The African continent is embarking on an urban revolution. Its economic growth is coming from infrastructure and technology investments; and according to the World Bank’s projections for global growth, eleven out of the twenty fastest growing economies in the world are in Africa.
With its strategic location and its stable government, Djibouti provides safe access to over 400 million consumers of the Common Market for Eastern and SouthernAfrica (COMESA), linking twenty member states. This represents substantial business opportunities.
Djibouti is known as a Haven of Peace, and it plays a vital strategic role in the Horn of Africa. Its location at the entrance to the Red Sea and its status as a free trade area mean that the Port of Djibouti provides an economic lifeline for countries in the region.
Djibouti’s Latest Developments
Djibouti is located along the second busiest shipping route of the world, where 60% of the world marine traffic transits. Since 1998, its port facilities handled 100% of Ethiopia’s maritime traffic, which moves to and from Addis Ababa by truck and rail. This representsmost of Ethiopia’s USD 13 billion import and USD 3 billion export goods to come and exit through Djibouti port.
To consolidate its regional transportation and logistics hub for landlocked countries in the region—ten out seventeen countries in Africa—Djibouti has embarked in several infrastructure mega projects totaling US$14 billion over the next ten years. It is currently constructing US$804 million multi-purpose and three specialized ports to be dedicated for export of livestock, potash and industrial salt. The other mega projects include new airports, national shipping company, crude oil terminal, development of business districts and US$3 billion natural gas refinery.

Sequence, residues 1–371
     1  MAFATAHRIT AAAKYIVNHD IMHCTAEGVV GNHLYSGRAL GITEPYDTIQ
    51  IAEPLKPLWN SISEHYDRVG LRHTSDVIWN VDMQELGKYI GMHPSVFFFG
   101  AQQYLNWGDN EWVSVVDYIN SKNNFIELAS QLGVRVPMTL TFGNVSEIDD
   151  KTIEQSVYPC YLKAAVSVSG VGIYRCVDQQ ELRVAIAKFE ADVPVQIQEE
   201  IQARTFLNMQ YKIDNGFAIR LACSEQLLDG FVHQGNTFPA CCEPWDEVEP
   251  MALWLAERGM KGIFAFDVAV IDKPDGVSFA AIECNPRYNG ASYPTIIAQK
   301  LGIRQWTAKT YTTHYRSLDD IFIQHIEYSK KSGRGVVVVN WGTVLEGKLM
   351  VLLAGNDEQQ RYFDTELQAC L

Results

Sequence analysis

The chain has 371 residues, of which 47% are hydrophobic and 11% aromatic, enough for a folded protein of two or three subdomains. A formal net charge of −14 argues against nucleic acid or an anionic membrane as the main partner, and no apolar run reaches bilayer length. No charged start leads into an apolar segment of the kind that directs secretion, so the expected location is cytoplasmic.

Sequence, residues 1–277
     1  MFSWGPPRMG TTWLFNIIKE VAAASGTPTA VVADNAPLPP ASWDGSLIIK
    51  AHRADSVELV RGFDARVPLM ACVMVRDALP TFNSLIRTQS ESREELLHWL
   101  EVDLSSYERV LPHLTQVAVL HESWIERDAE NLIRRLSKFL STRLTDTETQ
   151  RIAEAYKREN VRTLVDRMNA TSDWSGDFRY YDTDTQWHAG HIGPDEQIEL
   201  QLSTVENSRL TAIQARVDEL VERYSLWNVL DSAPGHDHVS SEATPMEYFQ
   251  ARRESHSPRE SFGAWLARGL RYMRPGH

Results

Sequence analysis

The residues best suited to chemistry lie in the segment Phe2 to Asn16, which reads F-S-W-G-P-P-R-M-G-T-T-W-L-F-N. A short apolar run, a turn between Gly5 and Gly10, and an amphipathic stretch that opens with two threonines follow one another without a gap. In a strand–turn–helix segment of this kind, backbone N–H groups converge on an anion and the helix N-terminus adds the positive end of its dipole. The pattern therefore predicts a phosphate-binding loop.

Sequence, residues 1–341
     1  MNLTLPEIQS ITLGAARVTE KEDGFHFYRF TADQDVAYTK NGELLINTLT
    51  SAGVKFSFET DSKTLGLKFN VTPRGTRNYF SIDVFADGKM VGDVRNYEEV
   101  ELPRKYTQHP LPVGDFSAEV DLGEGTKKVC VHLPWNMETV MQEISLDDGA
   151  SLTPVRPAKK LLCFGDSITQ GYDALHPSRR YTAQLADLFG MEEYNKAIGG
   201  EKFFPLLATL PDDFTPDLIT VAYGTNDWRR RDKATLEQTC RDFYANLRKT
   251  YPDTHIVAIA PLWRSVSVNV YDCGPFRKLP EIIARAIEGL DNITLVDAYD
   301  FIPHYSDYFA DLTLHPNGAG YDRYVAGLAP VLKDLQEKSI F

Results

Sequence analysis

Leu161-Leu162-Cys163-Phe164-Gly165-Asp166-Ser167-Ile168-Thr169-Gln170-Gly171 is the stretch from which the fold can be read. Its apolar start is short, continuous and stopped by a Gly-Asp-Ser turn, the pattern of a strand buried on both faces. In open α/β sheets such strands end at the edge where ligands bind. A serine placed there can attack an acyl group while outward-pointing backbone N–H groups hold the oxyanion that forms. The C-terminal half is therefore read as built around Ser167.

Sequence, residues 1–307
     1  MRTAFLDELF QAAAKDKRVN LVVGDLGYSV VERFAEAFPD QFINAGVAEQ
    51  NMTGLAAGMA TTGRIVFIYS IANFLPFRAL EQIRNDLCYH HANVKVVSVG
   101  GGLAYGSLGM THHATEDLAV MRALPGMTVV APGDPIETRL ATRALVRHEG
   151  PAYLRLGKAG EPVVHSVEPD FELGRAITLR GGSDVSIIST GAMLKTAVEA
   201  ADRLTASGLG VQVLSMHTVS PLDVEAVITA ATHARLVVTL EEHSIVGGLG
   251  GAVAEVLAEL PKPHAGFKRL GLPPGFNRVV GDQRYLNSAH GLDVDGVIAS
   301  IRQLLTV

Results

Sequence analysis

In May 2015, the Djibouti government approved the creation of a national airline Air Djibouti to serve as a tool for implementing its transport and job creation policies as well as diversify its sources of revenue.
The Djibouti-Ethiopia Telecom Connection
Djibouti’s telecom system ranks among the best in Africa. With its submarine connections to improve by end-2016, this will reinforce the country’s hub status for internet bandwidth in the Horn of Africa region. The Djibouti Telecom is working to introduce fourth generation (4G) technology by the year 2016.
Over the last five years, it has spent over US$50 million to improve its telecomfacilities including three-way fiber transmission lines that connects it with Ethiopia, a country with a population of 94 million. Both Djiboutian and Ethiopian telecoms companies are interested to enhance its existing cooperation and even to boost the service for possible regional economic integration.
Djibouti is well positioned as a major meeting point for undersea fiberoptic cable systems connecting Europe, the Middle East and Asia, to Africa. With the growth in the service-based economy, the rise of smartphone use across the region, innovations in banking and payments technology and perhaps the creation of call centers, this represents many exciting business opportunities.